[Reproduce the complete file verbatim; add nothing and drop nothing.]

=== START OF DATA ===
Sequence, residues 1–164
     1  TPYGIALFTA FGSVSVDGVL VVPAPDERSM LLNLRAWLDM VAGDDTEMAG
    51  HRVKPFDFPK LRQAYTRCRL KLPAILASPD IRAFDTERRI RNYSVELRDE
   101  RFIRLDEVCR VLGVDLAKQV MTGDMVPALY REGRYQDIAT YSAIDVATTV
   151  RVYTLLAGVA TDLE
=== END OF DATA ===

Sequence, residues 1–164
     1  TPYGIALFTA FGSVSVDGVL VVPAPDERSM LLNLRAWLDM VAGDDTEMAG
    51  HRVKPFDFPK LRQAYTRCRL KLPAILASPD IRAFDTERRI RNYSVELRDE
   101  RFIRLDEVCR VLGVDLAKQV MTGDMVPALY REGRYQDIAT YSAIDVATTV
   151  RVYTLLAGVA TDLE